When Snyder had just been elected governor and the Republicans took control of the Michigan Legislature in 2011, one of their first orders of business was to radically expand the Michigan financial distress law. The new statute granted EMs unprecedented powers to take over all aspects of local government — not just finances — and unilaterally reject collective bargaining agreements. Under Snyder, the frequency of EM appointments greatly increased due to the Great Recession and state-imposed cutbacks in local revenue sharing.

The result has not only led to public health disasters, such as Flint and the Detroit Public Schools, but numerous instances of conflicts of interest and abuse. This includes documented mismanagement by EMs in Pontiac (potential loss of $1.4 million in federal grant money), Highland Park (terminated for making $200,000 in unauthorized payments to himself), and Benton Harbor (exceeded budget and failed to make required pension contributions).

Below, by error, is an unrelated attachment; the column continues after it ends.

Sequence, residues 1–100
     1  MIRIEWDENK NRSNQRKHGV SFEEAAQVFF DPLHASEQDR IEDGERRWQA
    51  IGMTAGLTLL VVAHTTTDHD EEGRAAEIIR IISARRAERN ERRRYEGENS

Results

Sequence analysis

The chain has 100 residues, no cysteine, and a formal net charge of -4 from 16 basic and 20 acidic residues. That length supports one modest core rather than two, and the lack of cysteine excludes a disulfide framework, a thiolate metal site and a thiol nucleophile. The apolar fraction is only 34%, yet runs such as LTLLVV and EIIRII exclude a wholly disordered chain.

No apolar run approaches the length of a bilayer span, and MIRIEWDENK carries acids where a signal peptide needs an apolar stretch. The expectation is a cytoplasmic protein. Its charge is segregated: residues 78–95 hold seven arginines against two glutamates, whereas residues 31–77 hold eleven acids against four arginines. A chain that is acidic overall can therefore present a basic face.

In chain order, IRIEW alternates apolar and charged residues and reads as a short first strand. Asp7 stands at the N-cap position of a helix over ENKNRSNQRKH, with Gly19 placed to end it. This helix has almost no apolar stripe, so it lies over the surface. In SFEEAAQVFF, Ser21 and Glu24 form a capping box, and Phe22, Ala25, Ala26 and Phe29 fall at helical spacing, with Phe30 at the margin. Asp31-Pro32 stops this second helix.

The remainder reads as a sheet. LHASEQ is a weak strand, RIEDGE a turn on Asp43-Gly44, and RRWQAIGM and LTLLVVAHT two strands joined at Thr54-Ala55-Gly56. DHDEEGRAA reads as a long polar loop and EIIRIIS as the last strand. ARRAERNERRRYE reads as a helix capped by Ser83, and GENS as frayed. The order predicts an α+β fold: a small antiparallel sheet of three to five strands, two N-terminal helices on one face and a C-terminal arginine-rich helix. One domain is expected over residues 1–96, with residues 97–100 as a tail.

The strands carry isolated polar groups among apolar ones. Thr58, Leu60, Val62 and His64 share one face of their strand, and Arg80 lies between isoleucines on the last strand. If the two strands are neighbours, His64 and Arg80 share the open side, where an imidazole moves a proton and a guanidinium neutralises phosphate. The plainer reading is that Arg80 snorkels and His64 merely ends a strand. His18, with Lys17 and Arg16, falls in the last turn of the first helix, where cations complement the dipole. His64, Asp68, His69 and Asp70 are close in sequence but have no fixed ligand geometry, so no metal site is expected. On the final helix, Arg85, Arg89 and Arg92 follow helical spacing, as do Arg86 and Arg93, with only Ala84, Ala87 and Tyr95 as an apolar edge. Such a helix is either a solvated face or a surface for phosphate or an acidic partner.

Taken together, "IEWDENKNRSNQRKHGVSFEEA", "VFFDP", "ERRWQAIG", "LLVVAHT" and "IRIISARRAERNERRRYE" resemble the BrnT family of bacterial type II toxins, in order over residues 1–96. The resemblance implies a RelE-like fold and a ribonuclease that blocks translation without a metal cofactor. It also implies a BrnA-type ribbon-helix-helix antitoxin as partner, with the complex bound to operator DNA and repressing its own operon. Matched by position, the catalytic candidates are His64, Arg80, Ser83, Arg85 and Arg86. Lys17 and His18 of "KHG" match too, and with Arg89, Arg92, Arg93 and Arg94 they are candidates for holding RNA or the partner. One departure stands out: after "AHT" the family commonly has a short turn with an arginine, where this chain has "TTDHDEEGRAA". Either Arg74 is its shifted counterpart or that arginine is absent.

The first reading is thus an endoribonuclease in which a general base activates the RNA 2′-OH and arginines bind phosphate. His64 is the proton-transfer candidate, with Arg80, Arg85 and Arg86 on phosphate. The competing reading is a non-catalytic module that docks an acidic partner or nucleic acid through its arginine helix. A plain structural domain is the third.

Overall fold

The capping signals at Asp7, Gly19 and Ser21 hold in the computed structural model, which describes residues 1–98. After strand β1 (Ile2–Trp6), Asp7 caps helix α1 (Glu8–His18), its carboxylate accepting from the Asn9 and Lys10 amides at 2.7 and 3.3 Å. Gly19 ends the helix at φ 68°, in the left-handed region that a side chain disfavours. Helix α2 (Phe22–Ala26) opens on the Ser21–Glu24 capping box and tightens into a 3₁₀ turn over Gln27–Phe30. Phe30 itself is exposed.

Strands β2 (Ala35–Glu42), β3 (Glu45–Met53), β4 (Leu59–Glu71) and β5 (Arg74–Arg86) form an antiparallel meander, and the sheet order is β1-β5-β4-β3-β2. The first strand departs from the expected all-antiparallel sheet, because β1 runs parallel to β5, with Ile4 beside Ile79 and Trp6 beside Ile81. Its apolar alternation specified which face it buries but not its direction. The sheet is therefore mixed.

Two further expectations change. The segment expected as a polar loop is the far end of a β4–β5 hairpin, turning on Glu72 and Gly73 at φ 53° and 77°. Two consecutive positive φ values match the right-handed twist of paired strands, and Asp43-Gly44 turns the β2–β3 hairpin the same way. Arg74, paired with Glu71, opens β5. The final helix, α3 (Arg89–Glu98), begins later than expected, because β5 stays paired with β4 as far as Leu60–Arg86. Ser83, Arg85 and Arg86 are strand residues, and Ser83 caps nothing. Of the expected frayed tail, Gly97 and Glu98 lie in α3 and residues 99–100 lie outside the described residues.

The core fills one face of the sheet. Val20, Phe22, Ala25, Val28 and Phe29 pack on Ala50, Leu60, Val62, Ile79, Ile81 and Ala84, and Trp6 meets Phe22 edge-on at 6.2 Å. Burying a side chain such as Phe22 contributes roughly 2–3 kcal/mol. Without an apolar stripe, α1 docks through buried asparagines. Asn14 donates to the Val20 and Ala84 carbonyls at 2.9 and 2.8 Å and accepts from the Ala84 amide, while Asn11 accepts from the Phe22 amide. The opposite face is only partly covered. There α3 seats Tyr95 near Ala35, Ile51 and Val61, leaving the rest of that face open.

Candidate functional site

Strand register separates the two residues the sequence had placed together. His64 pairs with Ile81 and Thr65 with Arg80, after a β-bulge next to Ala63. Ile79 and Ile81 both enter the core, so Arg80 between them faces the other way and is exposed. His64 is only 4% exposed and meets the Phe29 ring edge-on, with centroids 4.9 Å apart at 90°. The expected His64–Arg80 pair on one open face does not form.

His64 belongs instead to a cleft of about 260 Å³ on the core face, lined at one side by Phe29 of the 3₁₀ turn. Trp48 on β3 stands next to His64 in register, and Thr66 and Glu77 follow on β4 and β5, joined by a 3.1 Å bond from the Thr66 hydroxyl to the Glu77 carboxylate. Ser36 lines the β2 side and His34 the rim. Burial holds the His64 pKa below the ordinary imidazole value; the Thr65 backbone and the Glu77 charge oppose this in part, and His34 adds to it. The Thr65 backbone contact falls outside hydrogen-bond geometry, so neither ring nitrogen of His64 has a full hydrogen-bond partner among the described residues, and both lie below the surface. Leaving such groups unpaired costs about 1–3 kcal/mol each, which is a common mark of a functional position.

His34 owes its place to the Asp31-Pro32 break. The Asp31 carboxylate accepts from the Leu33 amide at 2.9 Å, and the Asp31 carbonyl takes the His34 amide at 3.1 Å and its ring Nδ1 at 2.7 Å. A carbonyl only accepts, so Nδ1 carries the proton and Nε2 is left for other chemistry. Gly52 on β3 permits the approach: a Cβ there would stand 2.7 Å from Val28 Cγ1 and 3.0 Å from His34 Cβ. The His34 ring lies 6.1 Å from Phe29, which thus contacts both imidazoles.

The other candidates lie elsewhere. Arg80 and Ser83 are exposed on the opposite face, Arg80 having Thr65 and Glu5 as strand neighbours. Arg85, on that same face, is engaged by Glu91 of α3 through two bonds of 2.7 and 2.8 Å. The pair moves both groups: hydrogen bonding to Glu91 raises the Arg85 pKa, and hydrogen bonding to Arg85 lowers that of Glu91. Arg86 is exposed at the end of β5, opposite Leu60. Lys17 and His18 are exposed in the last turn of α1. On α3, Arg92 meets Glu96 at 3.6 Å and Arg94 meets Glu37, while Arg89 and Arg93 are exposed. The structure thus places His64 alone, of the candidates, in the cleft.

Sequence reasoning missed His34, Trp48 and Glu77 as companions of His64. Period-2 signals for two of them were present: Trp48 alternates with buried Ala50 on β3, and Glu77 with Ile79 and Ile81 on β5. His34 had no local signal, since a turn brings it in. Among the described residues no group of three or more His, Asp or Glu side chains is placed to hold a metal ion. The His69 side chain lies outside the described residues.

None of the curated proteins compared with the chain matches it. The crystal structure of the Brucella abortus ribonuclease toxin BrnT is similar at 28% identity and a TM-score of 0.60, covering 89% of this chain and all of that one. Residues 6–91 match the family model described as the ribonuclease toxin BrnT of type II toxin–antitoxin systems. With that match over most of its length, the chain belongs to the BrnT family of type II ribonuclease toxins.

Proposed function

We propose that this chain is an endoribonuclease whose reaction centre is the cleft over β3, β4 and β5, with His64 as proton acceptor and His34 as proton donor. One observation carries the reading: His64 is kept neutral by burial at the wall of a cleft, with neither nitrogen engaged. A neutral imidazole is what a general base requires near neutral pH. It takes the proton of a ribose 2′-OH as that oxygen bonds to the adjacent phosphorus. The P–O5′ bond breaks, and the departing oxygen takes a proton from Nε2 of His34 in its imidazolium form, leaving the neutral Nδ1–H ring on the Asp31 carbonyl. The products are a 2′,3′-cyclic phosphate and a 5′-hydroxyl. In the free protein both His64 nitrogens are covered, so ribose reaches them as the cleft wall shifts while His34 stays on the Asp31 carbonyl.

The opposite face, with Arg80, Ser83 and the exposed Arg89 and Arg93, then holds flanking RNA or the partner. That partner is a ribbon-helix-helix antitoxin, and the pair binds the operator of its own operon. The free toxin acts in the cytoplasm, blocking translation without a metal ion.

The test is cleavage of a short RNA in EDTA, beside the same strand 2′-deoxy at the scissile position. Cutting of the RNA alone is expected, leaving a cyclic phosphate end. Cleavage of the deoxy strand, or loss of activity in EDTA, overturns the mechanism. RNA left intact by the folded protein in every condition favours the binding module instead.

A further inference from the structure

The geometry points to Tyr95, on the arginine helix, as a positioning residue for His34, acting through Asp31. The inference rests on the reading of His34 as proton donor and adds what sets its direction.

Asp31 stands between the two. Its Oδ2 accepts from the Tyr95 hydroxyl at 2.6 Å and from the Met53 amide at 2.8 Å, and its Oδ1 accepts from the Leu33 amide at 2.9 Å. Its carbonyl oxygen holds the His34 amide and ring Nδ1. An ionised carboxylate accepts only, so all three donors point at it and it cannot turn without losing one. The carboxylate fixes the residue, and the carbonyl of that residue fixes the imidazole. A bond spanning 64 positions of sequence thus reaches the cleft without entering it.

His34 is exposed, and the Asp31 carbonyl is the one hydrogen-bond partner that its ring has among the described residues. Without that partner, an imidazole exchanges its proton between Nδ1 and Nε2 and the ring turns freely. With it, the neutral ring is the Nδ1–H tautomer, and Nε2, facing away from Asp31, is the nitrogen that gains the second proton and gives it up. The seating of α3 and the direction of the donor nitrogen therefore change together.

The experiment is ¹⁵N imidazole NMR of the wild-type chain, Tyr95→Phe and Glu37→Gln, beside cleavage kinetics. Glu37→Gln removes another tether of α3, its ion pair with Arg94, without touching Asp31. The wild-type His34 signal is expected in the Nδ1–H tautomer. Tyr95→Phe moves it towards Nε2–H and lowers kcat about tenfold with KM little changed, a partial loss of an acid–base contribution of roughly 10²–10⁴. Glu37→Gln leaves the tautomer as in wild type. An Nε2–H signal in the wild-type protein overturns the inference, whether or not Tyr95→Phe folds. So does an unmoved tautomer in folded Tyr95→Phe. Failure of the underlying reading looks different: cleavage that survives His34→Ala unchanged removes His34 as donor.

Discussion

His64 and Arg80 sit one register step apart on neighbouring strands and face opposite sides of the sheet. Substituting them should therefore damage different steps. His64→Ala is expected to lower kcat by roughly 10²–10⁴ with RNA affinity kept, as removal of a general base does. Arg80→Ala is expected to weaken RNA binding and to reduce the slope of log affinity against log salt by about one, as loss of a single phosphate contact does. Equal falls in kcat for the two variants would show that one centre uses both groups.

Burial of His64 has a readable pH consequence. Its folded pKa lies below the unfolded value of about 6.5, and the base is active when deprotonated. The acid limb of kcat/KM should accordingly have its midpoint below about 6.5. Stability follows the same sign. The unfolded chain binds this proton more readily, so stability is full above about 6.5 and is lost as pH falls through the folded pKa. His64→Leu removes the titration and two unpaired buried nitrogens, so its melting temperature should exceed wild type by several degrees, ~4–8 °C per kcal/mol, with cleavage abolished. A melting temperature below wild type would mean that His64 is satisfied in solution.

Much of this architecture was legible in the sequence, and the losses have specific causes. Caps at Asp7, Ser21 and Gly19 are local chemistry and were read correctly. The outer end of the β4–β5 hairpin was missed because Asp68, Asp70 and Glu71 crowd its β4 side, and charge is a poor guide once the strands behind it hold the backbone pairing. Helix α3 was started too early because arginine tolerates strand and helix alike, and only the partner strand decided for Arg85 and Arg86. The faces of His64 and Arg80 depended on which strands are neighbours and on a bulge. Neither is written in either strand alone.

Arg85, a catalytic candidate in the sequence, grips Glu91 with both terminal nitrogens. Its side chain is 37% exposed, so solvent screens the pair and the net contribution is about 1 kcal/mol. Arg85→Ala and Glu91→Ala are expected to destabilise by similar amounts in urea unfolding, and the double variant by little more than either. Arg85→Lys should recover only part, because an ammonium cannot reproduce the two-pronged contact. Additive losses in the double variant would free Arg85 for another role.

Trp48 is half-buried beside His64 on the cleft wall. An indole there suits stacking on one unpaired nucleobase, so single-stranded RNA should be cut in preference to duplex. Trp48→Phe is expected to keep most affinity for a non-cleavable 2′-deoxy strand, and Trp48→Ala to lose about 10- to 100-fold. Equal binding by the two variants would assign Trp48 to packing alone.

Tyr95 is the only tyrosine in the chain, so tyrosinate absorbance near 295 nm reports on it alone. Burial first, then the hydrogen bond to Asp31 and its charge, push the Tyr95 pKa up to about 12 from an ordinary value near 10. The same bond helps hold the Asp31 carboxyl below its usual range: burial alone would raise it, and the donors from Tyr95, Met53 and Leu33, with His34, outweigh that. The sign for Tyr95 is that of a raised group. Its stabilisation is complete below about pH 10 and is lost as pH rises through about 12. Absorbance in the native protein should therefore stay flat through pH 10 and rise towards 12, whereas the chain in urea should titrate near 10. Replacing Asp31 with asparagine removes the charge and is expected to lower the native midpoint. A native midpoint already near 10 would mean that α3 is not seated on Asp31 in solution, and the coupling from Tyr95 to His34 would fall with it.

Worse still is the law’s encroachment on our constitutional rights, most notably by disproportionately targeting African-American voters. A recent academic study found that while 73 percent of black residents were subject to emergency management over the last decade, only 21 percent of whites were covered over the same period.

The EM law has also been found to contravene constitutional protections for collective bargaining agreements. Professor Kenneth Klee, a pre-eminent bankruptcy expert, testified at a 2011 forum I held that “no prior legislature has had the audacity to legislate the unilateral termination, rejection, or modification of a collective bargaining agreement” and that the law “is violative of (the U.S. Constitution’s) Contracts Clause.”